Blowhard, Esq. writes:
I spend way too much time online and, over the past couple of years or so, I can’t help but observe a new linguistic innovation. Have you noticed that many people no longer simply “like” or “love” something but “fucking love” it? Facebook comments, Twitter, reddit — anywhere people are discussing anything, sooner or later someone will use that phrase to express their approbation.
Excuse the Grumpy Old Manism, but I find the phrase incredibly grating. Yeah, I know, language changes, new idioms develop, and there’s no “right” or “wrong” way to express yourself. I get all that. It still bothers me, though, so I’ve been asking myself why.
While it’s not true of every person or every word, it seems that people resist new slang and idioms when they’re introduced. Have you noticed that too? It’s funny to see people physically recoil at the word “twerking” and lament its inclusion in the Oxford English Dictionary. I resisted the phrase “my bad” for a number of years because it sounded so juvenile to me. Now, I hardly notice it and even say it myself, so similarly, maybe once the novelty of “fucking love” wears off, I’ll use it like anyone else.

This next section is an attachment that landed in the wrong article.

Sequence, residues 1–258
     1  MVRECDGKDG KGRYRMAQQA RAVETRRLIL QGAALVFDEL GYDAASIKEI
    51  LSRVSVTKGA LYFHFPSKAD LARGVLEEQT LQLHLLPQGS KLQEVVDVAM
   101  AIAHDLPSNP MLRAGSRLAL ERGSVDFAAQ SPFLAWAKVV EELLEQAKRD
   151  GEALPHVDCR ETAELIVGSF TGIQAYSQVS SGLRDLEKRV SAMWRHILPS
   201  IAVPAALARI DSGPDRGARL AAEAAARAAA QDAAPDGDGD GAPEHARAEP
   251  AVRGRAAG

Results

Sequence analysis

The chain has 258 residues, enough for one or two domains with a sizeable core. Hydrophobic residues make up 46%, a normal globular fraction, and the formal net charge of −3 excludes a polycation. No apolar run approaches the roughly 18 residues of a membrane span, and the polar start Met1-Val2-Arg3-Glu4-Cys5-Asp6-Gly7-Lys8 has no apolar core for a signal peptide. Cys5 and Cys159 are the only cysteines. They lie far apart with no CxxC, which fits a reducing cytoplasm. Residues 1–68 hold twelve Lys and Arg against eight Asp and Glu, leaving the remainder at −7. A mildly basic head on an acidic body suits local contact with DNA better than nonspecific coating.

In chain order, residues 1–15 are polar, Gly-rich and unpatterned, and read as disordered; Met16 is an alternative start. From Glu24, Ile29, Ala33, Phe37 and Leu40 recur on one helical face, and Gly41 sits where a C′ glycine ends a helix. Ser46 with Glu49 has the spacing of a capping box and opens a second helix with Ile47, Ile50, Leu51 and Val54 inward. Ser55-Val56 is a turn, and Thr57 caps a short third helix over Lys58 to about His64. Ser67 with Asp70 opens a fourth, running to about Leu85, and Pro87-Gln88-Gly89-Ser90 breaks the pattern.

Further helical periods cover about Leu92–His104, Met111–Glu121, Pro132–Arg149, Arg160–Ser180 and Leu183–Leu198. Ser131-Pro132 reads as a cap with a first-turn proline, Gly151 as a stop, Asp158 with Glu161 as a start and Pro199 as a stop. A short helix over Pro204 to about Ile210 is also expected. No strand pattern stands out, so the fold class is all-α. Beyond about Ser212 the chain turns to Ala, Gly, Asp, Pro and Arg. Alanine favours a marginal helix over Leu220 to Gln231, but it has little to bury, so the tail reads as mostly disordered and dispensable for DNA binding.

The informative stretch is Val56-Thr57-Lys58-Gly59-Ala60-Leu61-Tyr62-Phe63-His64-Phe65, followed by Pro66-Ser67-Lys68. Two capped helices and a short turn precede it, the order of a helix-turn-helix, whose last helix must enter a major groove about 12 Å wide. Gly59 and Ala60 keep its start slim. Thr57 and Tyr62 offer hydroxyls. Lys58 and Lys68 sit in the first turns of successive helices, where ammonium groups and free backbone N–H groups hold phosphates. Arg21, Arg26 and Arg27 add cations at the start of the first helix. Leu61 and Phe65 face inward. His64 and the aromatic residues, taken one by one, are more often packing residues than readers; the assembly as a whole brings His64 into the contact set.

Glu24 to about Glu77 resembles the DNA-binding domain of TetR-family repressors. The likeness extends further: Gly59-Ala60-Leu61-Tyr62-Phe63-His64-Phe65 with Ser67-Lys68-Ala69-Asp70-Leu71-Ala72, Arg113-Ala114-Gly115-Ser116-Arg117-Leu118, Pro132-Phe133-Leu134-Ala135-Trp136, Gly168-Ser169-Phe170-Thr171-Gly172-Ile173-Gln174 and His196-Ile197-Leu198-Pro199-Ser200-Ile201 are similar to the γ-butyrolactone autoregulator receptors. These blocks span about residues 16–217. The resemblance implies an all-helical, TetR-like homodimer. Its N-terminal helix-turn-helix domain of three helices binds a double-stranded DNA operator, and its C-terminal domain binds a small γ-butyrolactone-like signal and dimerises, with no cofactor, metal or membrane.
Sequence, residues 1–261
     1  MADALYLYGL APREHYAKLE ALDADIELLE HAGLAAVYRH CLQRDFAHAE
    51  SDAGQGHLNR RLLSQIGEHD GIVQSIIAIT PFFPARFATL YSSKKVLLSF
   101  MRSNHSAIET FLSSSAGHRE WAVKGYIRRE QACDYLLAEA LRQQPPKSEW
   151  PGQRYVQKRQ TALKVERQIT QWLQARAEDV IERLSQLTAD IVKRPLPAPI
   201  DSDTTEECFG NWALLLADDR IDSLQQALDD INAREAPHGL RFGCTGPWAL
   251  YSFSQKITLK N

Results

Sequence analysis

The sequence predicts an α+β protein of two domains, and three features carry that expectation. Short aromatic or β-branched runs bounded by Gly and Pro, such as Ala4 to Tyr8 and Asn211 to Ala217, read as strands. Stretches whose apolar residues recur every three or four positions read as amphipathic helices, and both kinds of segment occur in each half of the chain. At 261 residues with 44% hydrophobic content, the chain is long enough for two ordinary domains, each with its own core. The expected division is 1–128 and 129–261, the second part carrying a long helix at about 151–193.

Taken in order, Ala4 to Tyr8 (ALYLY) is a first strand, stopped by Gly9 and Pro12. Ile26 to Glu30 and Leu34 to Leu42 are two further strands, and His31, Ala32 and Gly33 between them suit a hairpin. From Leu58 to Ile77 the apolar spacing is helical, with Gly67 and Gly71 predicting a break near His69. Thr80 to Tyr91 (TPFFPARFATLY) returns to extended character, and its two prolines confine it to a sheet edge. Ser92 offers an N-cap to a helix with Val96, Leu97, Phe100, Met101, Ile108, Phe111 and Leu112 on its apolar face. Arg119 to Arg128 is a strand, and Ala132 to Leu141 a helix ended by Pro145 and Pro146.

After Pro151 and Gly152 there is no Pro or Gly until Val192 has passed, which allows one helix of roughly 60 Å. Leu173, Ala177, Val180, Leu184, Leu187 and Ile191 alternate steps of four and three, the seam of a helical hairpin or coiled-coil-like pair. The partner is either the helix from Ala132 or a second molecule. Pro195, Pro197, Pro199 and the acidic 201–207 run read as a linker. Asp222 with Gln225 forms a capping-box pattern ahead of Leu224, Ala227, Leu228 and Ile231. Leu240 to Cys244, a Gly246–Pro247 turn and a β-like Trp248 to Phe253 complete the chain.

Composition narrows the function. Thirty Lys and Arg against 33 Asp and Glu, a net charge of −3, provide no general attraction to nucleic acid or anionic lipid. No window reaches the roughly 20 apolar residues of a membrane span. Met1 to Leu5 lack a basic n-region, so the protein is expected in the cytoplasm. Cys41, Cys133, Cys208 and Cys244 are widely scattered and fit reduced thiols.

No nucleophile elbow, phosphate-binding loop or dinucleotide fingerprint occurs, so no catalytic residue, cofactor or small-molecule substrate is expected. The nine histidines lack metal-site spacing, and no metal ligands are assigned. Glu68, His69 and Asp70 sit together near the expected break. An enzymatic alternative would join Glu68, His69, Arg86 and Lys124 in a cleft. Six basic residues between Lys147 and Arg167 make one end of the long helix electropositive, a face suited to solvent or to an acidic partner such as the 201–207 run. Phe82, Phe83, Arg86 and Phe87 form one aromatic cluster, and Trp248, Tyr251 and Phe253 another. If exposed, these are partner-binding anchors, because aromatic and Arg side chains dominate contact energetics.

But I’m not persuaded that’s the case with this one. I think I dislike the phrase because there’s an element of anger and aggression behind it. It’s one thing to say you “fucking hate” something, but gee, now we’ve gotta color our praise with aggression too? Is being amped up and angry now the default state in American public life? Jesus, people, will you please fucking calm down?
My theory as to why this phrase has caught on: the Facebook “like” button. If a mouse click is all it takes to express approval then the emotion has become diluted and cheap, so our language has compensated by puffing things up. I think the song “America, Fuck Yeah!” is a major influence too. On Tumblr, there are innumerable blogs called “Fuck Yeah [insert thing blog is about].” I guess the only way young’uns know how to express enthusiasm nowadays is by fucking things.